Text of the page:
Sri Lanka has been deeply troubled since last Saturday's assassination of its president, but the mystic was serene: 'If we come to understand the Buddha there will be no problems,' he intoned. His audience nodded attentively as he explained the significance of the four different entrance doors to the bo-tree, which had something to do with shedding the three vices of jealousy, pride and selfishness.
Why was it, I asked the mystic, that there could be such violence in Sri Lanka, where Buddhism was so strong? Two- thirds of the country's 18 million people are Buddhist, a religion of non-violence, selflessness and harmony. The mystic turned his one good eye and an empty socket on me and shook his head sadly. He cited the bad dreams of a mythical king who lived more than 2,000 years ago - 'they are the reason for these troubles coming up'.
He had no solution. Nor could anyone else underneath the bo- tree yesterday explain how one of Asia's most devout Buddhist nations could have waged brutal war on itself and on its Hindu Tamil minority for a decade, at the cost of tens of thousands of lives. Sri Lanka has seen it all in the past 10 years: massacres of entire villages, women and children beheaded, torture, disappearances, bodies burnt in car tyres.
And yet they keep coming to the bo-tree, the most sacred Buddhist site in Sri Lanka, to worship - 2,260 years ago a sapling from the original bo-tree under which Buddha famously attained enlightenment in India was cut off and transported to Sri Lanka by the nun Sanghamitta. This coincided with the arrival of Buddhism in the island.
Since then the tree has been protected by a special group of guards, and there are documents to show that the tree is indeed over 2,000 years old. Anuradhapura's bo-tree is all the more important because the original bo- tree under which the Buddha sat in India has not been preserved.
The tree is wizened and its branches are mostly supported on crutches. But it has seeded many other trees around it, and here pilgrims sit for hours, meditating or just resting in the shade.
Haldyage Bodhidasa was one of the 40 guards of the bo-tree. They are dressed all in white, and their hair is tied back in a bun. The job is hereditary - he got it from his father. He had been tending the bo-tree for 36 years. Did he know why Sri Lanka was so violent? 'I cannot say,' he said. Was there any point in all the pilgrims' prayers? 'Sometimes it can help,' he replied. There were few clear answers under the bo-tree.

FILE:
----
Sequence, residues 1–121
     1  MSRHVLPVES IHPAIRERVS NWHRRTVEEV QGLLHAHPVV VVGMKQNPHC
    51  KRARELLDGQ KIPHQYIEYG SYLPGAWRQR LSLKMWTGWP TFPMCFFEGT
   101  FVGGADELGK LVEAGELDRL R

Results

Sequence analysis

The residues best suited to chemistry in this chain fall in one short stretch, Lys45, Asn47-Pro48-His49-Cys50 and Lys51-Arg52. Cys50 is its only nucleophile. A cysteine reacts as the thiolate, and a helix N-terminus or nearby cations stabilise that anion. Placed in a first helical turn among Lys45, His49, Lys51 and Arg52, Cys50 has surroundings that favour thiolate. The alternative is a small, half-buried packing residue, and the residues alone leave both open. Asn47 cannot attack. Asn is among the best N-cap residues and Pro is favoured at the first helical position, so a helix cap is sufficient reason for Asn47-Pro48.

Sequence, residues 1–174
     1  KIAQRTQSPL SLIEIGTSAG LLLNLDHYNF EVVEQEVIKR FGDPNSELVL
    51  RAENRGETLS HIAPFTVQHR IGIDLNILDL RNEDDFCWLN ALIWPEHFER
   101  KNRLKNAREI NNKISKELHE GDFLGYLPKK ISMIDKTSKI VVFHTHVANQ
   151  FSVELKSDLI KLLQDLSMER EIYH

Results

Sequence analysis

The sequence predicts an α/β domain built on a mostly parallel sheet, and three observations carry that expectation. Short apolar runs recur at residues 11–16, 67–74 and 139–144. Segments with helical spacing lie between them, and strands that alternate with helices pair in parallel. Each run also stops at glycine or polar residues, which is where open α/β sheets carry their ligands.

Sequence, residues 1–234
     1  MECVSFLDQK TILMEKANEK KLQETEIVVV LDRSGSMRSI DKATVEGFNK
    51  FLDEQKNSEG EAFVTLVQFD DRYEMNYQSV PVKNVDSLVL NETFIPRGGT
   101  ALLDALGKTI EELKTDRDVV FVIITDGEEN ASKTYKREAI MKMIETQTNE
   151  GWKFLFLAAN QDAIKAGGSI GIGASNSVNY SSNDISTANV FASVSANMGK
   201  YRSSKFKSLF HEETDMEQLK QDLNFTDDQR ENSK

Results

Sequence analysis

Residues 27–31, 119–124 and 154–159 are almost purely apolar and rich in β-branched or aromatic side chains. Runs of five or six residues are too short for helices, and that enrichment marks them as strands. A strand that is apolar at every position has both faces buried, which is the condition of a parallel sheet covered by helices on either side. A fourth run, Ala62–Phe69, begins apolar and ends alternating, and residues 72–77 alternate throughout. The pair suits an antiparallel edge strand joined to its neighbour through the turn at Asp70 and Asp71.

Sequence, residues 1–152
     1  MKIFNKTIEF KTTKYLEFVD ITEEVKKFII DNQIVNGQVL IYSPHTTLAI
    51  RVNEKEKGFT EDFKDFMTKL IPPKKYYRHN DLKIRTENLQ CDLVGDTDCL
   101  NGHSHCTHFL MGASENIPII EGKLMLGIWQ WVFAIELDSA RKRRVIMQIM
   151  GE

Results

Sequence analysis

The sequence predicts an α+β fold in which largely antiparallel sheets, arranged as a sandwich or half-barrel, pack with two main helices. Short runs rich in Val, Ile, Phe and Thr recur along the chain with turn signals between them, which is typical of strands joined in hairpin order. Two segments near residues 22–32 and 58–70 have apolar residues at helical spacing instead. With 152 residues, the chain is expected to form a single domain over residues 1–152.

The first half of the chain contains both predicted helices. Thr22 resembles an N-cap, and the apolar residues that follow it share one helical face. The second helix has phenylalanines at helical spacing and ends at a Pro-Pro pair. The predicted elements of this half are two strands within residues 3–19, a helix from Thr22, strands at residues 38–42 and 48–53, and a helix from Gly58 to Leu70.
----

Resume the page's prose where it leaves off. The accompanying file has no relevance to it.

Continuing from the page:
'You cannot relate Buddhism or Christianity to this violence,' said a farmer who had made the 65-mile journey from Trincomalee that morning to worship at the tree. 'All religions are the same, all are good. But man's idea is not good.'
People were coming and going, heaping flowers in front of the Buddhist statues - lotus blossoms and frangipani, with clouds of perfumed incense smoke. 'Many lessons are to be drawn from the lotus blossom,' said Ramani Weerasinghe over my shoulder.
He is 60 and a former employee of the Prisons Department ('don't misunderstand me - I worked there'). He has studied Buddha's teachings. 'The lotus blossom comes out of the mud - we are all born from mud and will return to mud,' he recited.
So why was the president killed? He took the blunt question in his stride. 'A very good question.' Mr Premadasa, he thought, had not followed the straight road of Buddha. 'If you make a wrong turning, there are troubles and enemies.' The president, by fighting - perhaps killing - his rivals, had 'taken a wrong turning'.
But the violence was not good. 'Somebody must stop this, sir. Lord Buddha must stop this.'
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